MPAA wants a crack down on cameras in cinemas
MPAA recommends cracking down on camera-phones, using night-vision goggles to prevent movie piracy
Published time: November 15, 2013 03:49 Get short URL
In its latest attempt to crack down on piracy, the Motion Picture Association of America is pressuring movie theaters to adopt a ban on mobile phones with cameras and certain kinds of eyeglasses.
The entertainment lobby group, which is headquartered in Washington DC and has imposed expensive lawsuits on internet users caught illegally downloading movies, is attempting to install such measures to combat the bootleg movie industry. Most major Hollywood movies are available for free online quickly after their theatrical release because customers record the film on a personal camcorder and then post the file, known as a CAM, online.
US theater employees can already be seen wearing night-vision goggles to monitor audiences during highly awaited movie premiers or at pre-screenings. The MPAA’s latest recommendation comes as an update to its “Best Practices to Prevent Film Theft” leaflet that is distributed to theaters.
“Movie thieves are very ingenious when it comes to concealing cameras. It may be as simple as placing a coat or hat over the camera, or as innovative as a specially designed concealment device (e.g., a small camera built into eyeglass frames or a camera built into the lid of a beverage container),” says the MPAA.
Other strategies include rewarding theater employees who catch bootleggers with a $500 bonus, as well as examining cup holders for concealed recording devices.
“The MPAA recommends that theaters adopt a Zero Tolerance policy that prohibits the video or audio recording and the taking of photographs of any portion of a movie,” the MPAA stated, as quoted by TorrentFreak.
“Theater managers should immediately alert law enforcement authorities whenever they suspect prohibited activity is taking place. Do not assume that a cell phone or digital camera is being used to take still photographs and not a full-length video recording,” the recommendation continued. “Let the proper authorities determine what laws may have been violated and what enforcement action should be taken.”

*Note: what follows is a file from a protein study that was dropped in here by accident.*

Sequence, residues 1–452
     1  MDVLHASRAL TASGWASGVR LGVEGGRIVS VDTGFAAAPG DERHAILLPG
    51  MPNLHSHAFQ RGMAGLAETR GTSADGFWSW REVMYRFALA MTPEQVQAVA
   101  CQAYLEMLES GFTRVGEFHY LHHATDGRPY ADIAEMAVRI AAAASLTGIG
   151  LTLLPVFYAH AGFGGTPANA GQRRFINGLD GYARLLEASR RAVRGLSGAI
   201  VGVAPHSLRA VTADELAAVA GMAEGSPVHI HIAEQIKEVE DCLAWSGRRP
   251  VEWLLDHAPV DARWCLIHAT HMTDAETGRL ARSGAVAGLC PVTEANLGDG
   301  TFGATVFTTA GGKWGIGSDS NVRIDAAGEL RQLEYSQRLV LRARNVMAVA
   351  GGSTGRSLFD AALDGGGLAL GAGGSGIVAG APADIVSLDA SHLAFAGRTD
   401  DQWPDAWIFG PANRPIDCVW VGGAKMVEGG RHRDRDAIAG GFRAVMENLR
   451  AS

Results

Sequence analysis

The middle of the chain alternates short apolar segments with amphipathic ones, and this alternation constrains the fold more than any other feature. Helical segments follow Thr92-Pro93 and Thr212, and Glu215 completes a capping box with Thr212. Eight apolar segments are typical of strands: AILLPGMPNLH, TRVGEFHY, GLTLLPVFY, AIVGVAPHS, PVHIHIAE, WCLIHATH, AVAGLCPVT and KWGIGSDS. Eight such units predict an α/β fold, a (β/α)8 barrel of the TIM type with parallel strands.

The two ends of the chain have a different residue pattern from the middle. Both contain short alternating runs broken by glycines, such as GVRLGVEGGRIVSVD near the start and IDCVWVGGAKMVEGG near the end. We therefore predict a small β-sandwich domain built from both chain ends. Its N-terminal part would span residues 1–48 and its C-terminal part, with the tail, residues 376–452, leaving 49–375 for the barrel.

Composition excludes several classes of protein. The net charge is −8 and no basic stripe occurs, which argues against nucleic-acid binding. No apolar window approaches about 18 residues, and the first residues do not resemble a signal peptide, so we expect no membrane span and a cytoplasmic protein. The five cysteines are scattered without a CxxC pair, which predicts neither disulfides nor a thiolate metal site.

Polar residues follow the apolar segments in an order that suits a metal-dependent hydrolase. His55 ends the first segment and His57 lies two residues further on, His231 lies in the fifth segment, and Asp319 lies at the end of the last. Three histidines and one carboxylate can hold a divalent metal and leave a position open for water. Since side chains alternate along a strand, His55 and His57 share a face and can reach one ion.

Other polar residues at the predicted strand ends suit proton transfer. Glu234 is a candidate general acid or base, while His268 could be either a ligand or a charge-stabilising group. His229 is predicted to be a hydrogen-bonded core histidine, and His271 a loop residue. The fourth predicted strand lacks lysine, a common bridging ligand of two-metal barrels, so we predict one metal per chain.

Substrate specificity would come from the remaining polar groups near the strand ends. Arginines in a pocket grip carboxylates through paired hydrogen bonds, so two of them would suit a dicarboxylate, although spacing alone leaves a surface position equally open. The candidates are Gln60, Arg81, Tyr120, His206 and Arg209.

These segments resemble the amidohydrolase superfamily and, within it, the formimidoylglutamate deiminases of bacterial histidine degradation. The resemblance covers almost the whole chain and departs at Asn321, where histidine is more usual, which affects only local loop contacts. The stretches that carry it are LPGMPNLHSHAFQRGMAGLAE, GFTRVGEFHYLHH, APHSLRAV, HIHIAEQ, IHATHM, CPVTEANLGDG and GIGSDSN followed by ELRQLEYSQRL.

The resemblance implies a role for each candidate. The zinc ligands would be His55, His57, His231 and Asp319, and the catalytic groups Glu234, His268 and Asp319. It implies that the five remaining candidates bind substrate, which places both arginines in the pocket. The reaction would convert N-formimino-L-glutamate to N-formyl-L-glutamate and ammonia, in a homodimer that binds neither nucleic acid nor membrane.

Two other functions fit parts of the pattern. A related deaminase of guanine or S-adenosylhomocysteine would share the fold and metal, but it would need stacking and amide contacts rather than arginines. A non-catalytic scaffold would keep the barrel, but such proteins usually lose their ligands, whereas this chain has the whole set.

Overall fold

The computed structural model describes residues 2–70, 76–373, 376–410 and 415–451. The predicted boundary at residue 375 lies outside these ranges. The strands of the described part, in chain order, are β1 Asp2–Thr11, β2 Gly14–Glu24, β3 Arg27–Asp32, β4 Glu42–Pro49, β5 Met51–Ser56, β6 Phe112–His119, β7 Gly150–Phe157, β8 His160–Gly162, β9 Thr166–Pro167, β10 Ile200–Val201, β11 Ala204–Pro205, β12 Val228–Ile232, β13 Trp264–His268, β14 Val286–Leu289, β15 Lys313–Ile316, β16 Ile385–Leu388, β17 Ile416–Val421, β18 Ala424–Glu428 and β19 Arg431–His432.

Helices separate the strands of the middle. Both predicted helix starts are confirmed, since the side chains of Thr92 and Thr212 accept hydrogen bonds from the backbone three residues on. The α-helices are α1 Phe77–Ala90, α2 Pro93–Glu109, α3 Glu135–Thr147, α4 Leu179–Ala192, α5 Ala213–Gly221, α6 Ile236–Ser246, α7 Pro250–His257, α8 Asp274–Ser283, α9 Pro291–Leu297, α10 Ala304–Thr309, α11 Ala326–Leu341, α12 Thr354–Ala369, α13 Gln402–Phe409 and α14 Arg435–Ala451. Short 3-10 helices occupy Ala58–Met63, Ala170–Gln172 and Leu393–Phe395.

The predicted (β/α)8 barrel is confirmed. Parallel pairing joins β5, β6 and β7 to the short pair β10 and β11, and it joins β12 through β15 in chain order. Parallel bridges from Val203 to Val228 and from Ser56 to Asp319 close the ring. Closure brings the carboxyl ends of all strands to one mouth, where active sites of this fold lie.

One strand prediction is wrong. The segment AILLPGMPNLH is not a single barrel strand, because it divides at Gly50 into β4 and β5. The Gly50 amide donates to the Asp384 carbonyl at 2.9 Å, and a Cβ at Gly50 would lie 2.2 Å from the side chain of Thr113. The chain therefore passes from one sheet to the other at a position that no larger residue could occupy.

Illegally recording movies with a handheld camera is a phenomenon that began when personal camcorders first rose to prominence. Yet the MPAA’s position has somehow become so precarious that it recommends theater management be more careful in choosing employees, or even consider enlisting a third party security firm to supervise.
“Does one member of your staff frequently have ‘friends’ joining him at the theater at odd times? Look for non-employees coming or going out of the projectionist’s booth or those arriving at odd hours claiming to be ‘friends’ of an employee or manager,” the MPAA wrote. “If your theater maintains night vision devices or low light binoculars, please employ these during the screening in the darkened auditorium.”
News of the update comes after a study by the Annenberg Public Policy Center determined that gun violence in popular movies rated PG-13 has tripled since 1985. The shooting and gore, researchers found, rivals that of R-rated movies, setting off a firestorm of claims that the ratings board needlessly censors sexuality while loosening standards on violence. An MPAA representative said the lobby group “tries to get it right” and that PG-13 “is not a namby-pamby rating.”